Skittish sponsors and angry players ratched up the pressure on Phoenix Suns owner Robert Sarver and the NBA on Friday as players union chief Tamika Tremaglio called for him to be banned for life.
Sarver was fined $10 million and issued a one-year suspension by the NBA on Tuesday for racist and misogynist remarks within a harsh workplace environment that at times included bullying.
Los Angeles Lakers star LeBron James and Suns point guard Chris Paul have voiced dismay that the sanctions fell short, and Tremaglio said in an interview on ESPN on Friday that she was speaking for players in calling for Sarver to be banned from the league for life.
"We are absolutely calling for that," Tremaglio said. "We do not want him to be in a position where he is managing or engaging with individuals who are engaging with our players or the players themselves. We are absolutely clear from the findings that are in the report that we do not want him to be in that position."
Tremaglio's remarks, which underscored comments she had made earlier, came after PayPal president Dan Schulman said Friday the company will not renew its sponsorship of the Suns if Sarver remains with the club after serving the one-year ban.
"We have reviewed the report of the NBA league's independent investigation into Phoenix Suns owner Robert Sarver and have found his conduct unacceptable and in conflict with our values," Schulman said in a statement.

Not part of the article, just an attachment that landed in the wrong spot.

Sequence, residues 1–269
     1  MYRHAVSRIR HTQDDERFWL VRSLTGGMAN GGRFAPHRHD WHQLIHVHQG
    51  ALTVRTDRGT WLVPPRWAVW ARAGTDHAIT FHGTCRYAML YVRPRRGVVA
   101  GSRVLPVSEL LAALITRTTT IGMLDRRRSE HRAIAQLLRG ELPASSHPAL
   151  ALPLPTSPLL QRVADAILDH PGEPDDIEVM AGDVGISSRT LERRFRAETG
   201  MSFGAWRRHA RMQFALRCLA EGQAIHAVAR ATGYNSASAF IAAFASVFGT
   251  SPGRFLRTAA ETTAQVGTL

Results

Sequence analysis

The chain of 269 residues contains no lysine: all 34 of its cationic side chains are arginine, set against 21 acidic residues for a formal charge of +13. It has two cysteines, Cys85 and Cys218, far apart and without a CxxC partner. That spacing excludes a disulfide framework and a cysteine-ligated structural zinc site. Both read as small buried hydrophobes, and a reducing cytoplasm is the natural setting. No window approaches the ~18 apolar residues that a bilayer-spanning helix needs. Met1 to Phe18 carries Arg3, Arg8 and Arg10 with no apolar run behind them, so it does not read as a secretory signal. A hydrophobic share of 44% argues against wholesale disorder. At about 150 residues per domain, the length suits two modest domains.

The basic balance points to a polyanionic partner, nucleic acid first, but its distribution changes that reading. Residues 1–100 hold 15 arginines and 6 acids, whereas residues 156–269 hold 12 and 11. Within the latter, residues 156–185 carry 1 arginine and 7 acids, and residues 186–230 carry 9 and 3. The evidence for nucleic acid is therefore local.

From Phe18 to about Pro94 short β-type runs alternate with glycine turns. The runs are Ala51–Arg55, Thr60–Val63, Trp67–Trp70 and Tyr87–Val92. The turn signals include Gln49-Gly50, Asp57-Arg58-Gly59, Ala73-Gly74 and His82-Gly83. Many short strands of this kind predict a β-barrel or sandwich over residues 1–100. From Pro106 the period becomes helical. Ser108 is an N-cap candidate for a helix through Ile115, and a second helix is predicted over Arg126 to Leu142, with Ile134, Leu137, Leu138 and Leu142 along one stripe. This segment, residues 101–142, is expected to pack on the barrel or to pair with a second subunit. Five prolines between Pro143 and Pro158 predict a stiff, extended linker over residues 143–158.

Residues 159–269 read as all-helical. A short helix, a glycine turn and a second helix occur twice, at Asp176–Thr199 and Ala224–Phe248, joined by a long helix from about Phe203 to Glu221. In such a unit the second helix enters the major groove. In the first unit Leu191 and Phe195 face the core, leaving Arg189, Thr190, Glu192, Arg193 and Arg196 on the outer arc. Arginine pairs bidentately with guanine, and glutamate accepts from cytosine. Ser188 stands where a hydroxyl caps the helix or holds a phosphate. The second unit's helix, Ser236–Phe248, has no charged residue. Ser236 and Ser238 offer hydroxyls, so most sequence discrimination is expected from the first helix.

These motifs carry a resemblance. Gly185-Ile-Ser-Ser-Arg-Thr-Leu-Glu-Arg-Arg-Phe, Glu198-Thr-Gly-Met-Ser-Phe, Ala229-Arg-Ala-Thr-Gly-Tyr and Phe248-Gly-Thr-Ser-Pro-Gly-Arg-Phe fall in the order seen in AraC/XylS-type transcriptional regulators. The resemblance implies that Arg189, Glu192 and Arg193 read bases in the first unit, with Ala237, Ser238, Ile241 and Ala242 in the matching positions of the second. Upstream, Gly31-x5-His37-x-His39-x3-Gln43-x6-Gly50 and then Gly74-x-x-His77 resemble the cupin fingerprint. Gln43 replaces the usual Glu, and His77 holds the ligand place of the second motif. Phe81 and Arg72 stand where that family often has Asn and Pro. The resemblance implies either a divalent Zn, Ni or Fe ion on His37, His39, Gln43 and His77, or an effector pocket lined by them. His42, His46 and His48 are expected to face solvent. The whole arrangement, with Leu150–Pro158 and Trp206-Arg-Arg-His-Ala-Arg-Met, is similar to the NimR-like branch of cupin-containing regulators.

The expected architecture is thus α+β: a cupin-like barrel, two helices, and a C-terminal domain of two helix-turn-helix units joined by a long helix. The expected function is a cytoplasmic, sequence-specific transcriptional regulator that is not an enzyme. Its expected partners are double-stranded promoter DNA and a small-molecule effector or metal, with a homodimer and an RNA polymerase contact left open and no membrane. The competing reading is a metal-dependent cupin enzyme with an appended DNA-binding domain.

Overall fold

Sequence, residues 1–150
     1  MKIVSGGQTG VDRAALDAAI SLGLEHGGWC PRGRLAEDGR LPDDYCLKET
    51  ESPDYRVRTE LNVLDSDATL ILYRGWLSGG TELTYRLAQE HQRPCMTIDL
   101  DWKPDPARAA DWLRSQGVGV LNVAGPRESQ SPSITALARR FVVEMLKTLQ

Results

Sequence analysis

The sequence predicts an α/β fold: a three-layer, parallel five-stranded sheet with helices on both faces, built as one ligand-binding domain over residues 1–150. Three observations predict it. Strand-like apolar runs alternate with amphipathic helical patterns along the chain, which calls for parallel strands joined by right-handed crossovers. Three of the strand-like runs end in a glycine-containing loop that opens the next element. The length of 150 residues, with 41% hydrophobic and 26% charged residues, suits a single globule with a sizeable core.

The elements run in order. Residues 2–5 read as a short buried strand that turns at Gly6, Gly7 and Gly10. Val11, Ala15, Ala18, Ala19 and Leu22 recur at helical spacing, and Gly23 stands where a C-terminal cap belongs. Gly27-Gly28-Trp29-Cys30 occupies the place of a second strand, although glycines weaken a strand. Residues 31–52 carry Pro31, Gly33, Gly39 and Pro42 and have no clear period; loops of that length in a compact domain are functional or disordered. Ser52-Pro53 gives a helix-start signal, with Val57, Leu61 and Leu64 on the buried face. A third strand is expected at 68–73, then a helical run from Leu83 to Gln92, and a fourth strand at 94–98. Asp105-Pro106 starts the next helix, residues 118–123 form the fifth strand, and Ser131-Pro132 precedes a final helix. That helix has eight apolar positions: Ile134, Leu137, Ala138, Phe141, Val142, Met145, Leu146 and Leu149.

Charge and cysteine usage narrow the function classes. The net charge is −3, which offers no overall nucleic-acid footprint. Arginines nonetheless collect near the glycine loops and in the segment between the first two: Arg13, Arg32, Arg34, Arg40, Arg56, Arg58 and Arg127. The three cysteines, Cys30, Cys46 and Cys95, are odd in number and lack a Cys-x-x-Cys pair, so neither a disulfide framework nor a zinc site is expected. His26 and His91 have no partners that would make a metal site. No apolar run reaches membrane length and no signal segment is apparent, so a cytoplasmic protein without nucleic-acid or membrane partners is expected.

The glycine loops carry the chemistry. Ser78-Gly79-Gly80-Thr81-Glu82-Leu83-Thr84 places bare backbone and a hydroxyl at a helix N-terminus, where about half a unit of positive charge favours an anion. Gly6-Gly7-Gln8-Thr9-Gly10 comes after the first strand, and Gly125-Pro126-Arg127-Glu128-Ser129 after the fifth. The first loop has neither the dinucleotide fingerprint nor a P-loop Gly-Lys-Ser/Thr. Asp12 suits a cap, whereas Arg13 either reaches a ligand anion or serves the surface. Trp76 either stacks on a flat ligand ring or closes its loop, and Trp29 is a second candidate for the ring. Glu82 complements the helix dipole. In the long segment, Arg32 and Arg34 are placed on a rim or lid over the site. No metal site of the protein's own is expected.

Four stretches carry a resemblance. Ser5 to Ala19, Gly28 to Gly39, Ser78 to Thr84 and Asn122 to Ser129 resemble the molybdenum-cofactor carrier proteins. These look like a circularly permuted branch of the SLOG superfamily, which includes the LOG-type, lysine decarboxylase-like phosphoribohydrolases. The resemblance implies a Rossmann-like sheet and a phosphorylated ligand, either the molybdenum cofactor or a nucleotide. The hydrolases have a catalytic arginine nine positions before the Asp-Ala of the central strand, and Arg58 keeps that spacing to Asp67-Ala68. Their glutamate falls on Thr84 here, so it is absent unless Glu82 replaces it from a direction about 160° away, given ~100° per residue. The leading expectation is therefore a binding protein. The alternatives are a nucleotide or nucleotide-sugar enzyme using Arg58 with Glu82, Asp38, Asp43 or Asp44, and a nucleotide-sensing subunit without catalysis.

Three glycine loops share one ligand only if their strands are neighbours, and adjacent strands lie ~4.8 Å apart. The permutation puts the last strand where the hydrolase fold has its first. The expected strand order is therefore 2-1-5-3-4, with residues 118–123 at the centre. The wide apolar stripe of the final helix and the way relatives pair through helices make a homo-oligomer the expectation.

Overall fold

NBA commissioner Adam Silver said this week he felt he could not remove Sarver as a team owner, a move made in 2014 against former Los Angeles Clippers owner Donald Sterling.
Schulman, however, said his company would not remain linked with the Suns if Sarver returns.
"PayPal's sponsorship with the Suns is set to expire at the end of the current season," Schulman said.
"In light of the findings of the NBA's investigation, we will not renew our sponsorship should Robert Sarver remain involved with the Suns organization after serving his suspension."
Schulman made it clear that PayPal, which has a jersey patch on the uniforms of Suns players, was open to returning if Sarver was no longer involved with the club.
"While we strongly reject the conduct of Robert Sarver, we remain supportive of the team, its players and the experienced and diverse talent now leading the organization," Schulman said.
The PayPal deal was worth $3 million to the Suns last season, ESPN reported.
PayPal's overall sponsorship deal expiring next year also includes other teams Sarver owns, the Women's NBA's Phoenix Mercury and Spanish football side Real Club Deportivo Mallorca of La Liga.
The PayPal threat follows a call by Suns vice chairman Jahm Najafi, the second-largest shareholder in the Suns ownership group, for Sarver to resign.